I had a poem published last week on the website of Horned Things Journal. I will publish the poem on this site later this year. But you can read the poem on Horned Things now by following this link:

Horned Things Journal, Issue Two

This site is still relatively young but they have assembled an impressive and eclectic mix of writing and art in this second issue. I feel lucky to have had "Making Minerals" included in their journal.

“Newville 108” at the Under Review

I am posting today to highlight a poem I had published yesterday on another website.

My poem called "Newville 108" is currently running at a site called the Under Review.

I am hoping you will check my poem out there. Later on this year, I will post it here but for now I want to thank them for publishing my work and I want to invite you to check out their site, and to take a look at my poem there by following this link:

If you are headed there on your phone, I should say that my poem will read best and look best if you tilt your phone sideways so that the screen gets wider, allowing the poem enough room to accommodate the length of its lines. It also looks good on a laptop.

Finally, the Under Review has suggested that it might produce a limited run of print copies of this current issue, which I hope will happen.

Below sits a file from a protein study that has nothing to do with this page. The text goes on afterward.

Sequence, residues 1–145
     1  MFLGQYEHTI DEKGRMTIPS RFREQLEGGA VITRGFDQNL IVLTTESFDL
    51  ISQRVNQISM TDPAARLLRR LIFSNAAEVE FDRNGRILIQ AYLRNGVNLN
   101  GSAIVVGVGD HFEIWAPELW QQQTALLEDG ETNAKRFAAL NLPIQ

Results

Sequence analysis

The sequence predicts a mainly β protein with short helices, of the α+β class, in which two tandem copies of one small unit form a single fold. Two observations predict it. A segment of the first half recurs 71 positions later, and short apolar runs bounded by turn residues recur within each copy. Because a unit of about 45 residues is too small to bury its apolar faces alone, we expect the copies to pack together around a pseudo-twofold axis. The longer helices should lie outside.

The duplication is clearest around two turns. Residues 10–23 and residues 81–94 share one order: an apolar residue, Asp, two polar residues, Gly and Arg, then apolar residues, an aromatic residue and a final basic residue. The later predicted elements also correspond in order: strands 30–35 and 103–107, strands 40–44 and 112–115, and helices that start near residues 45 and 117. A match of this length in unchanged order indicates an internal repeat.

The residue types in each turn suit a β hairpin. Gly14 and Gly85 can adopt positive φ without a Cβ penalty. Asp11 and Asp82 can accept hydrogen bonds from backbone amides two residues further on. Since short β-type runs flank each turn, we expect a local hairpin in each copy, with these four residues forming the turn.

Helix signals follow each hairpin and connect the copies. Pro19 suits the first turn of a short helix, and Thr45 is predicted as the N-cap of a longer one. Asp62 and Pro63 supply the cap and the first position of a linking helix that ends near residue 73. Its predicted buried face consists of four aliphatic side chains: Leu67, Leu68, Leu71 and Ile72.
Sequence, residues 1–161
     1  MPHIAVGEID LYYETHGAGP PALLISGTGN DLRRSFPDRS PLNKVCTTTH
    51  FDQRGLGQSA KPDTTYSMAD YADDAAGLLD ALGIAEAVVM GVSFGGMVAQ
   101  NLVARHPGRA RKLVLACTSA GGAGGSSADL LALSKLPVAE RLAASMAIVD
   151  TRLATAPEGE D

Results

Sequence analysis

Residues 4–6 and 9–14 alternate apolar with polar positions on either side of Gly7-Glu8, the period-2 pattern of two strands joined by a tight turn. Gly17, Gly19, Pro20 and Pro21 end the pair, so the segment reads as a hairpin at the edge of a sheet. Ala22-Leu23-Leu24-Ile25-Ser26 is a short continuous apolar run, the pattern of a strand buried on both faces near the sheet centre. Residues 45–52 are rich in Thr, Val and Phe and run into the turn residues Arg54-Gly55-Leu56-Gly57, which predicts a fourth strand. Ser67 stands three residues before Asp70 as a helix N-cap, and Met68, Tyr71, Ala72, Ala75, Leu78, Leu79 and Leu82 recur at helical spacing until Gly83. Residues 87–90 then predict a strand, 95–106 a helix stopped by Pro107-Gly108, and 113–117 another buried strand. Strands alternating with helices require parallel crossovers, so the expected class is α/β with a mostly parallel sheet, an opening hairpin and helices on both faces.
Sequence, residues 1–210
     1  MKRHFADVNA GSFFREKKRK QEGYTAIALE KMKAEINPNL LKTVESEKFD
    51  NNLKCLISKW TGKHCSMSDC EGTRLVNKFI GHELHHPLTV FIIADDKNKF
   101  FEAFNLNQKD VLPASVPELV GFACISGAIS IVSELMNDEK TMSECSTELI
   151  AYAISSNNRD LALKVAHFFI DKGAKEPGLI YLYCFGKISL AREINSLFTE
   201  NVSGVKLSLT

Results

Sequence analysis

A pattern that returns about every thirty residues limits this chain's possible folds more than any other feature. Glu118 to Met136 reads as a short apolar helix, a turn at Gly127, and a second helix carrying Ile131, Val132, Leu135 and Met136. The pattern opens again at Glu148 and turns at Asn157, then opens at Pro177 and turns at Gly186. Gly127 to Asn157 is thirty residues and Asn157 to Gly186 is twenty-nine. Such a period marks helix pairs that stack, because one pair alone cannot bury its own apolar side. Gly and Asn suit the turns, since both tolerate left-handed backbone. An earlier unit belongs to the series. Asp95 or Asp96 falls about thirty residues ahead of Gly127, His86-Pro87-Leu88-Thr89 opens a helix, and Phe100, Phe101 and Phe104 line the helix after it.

The Clerk Will Call the Roll

The Speaker is third in line to be the President.  But it’s more than that.  This very House of Representatives could play a massive, deciding role in choosing the next President.  I’m not talking about something akin to the illegal attempt to dismiss the Electoral College that some of these same Republicans attempted in 2020.  If, in an election for President, no candidate secures 270 electoral votes, the House of Representatives votes to choose a President.  The implications are profound.  Imagine a third-party candidate who receives, say, twenty percent of the electoral votes, who somehow emerges from the House vote with the White House in hand.  It could happen.  It’s in the Constitution...

My coverage of the contest for The Speaker of the House, 118th Congress Edition...

Weed Chronicles, Volume One


What I’ve got here is some OG #18.  I taste meat, grease, gas, incense.  Not fruit.  Bong rip.  No cough but a little tenderness in the throat.  Harvest was June ninth, twenty-twenty-two.  The THC comes in at 26.1 per cent.

Creeping high.  I’m on my first drink, which is not usually the case.  Usually I’ve had a couple of drinks by the time I’m craving a smoke but we’ve been driving all day.

It’s Braves 5, Mets 3.  An urge to write is a good early side effect but this urge might not be due to the weed.  It could be the driving.  It’s happened before.  It’s the movement, my body through the gravity-controlled space of this planet, the vibration of traveling seventy miles an hour, backward in time, against the spin, in a car.

Read the full first volume here...


If I have already
gone insane
but I want to get